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Rolling Stone From Issue 1066 November 27, 2008]


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Zeppelin Members Seek New Singer

Remaining three plan possible album and tour without Robert Plant


BRIAN HIATT Posted For Nov 27, 2008 12:00 AM

Last year's Led Zeppelin reunion concert wasn't the end for Jimmy Page, John Paul Jones and Jason Bonham — but it looks like it was for Robert Plant. The three musicians have been holding rehearsals with singers including Aerosmith's Steven Tyler (it didn't go well, one source has heard) and possibly Myles Kennedy, lead singer of Alter Bridge (who has covered Zep songs onstage and has a formidable vocal range). But Page wants to make one thing clear about the new project. "Whatever this is, it is not Led Zeppelin," says a rep for Page's management company, QPrime. "Not without the involvement of Robert Plant."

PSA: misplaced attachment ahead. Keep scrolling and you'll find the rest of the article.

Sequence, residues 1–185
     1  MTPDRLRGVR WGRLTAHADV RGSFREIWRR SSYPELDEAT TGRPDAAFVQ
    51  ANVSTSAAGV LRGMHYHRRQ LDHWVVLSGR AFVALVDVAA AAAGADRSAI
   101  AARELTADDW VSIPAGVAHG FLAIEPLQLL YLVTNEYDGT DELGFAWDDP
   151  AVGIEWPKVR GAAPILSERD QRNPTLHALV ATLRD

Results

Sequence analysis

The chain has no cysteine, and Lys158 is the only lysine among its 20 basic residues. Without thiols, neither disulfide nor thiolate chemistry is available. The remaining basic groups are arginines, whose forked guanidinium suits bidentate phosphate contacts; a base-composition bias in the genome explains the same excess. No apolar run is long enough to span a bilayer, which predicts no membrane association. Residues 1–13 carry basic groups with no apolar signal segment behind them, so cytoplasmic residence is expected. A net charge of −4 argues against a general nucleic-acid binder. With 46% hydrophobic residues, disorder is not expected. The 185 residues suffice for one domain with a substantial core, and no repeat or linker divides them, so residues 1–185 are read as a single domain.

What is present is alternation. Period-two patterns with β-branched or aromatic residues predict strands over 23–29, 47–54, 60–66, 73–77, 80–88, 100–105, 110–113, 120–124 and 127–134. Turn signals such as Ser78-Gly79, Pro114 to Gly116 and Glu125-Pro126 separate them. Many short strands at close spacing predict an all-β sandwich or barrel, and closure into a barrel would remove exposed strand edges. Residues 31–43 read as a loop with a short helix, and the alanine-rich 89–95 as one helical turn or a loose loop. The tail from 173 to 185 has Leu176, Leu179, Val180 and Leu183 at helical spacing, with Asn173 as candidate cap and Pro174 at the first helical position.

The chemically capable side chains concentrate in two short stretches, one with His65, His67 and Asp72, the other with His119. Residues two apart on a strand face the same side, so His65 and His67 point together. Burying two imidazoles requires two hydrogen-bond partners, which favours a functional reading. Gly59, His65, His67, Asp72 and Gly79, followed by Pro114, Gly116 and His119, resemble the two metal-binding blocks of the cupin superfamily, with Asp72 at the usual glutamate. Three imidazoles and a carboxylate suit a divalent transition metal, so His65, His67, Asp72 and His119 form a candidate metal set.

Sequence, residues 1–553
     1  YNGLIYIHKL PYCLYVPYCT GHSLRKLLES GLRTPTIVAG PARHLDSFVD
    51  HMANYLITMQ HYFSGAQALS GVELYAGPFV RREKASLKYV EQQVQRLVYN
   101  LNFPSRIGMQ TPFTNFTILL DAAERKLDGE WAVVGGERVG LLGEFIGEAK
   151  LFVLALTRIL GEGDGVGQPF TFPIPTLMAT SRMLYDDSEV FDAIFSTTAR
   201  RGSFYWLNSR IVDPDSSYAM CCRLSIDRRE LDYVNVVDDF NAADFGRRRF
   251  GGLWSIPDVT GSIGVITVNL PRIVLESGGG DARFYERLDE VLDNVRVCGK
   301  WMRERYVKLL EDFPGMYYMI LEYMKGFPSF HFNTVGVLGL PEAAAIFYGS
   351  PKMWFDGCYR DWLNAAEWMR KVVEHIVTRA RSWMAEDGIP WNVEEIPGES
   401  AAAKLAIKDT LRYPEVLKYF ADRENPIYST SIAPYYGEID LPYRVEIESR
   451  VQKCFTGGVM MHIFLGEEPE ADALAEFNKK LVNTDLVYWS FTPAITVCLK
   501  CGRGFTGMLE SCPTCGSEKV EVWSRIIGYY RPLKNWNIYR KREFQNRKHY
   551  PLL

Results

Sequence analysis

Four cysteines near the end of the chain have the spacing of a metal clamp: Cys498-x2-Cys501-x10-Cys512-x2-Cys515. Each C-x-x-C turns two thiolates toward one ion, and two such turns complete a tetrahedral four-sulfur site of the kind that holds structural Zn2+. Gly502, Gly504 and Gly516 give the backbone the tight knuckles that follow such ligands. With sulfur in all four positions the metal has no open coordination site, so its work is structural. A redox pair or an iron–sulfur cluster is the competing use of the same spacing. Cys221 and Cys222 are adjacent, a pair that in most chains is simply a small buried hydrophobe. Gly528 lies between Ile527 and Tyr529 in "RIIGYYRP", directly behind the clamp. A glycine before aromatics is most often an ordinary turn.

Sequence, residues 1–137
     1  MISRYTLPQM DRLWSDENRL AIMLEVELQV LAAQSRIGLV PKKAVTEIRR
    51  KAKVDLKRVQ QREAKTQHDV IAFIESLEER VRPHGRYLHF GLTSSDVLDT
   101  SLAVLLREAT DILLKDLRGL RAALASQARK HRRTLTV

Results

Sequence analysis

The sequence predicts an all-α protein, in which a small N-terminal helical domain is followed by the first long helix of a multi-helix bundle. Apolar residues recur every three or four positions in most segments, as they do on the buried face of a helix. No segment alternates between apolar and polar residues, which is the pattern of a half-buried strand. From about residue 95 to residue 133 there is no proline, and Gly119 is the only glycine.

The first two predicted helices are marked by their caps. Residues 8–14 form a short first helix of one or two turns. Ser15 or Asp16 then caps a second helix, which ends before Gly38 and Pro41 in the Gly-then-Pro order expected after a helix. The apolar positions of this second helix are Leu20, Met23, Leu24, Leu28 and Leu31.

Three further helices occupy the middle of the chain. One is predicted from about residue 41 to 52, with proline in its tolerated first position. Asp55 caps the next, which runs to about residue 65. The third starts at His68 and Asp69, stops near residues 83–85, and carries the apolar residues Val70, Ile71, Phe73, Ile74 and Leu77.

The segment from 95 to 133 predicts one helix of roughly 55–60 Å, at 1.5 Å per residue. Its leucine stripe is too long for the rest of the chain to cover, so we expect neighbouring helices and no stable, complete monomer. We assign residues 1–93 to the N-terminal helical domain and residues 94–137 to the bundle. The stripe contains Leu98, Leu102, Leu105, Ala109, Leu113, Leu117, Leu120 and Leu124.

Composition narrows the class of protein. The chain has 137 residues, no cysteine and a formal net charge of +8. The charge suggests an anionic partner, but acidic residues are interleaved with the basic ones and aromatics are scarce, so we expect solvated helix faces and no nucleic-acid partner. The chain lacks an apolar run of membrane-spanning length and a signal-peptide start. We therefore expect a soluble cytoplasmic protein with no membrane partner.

Plant, who just finished a tour with Alison Krauss, has insisted that he has little interest in an extended Zep reunion: "The whole idea of being on a cavalcade of merciless repetition is not what it's all about," he said just before last year's reunion show. Added Jones last month, "We really want to do something, and Robert doesn't want to do this, at least for the moment. He really doesn't want to make loud music anymore. We do."

Page's rep emphasized that no decisions have been made on a singer, and Kennedy's manager, Paul Geary, declined to comment on a report that he is the front-runner. "Nothing is set," Geary's assistant said. The trio have suggested that the new project — whatever it's called — would both tour and record new music. "It's got to be right," Jones said. "There's no point in just finding another Robert. You could get that out of a tribute band, but we don't want to be our own tribute band. There would be a record and a tour, but we've got to have everybody on board. . . . What we've done so far sounds absolutely fantastic."

Without Plant or the Led Zeppelin name, the commercial prospects for the project are unclear. One concert-industry source said the tour would do "surprisingly well. I mean, Journey came back bigger than life with a no-name." But Seth Hurwitz, co-owner of Washington, D.C., concert-promotion firm I.M.P., says, "With Robert Plant, it would be as huge as people think, as huge as huge could be. Without him, I don't know."

[From Issue 1066 — November 27, 2008]

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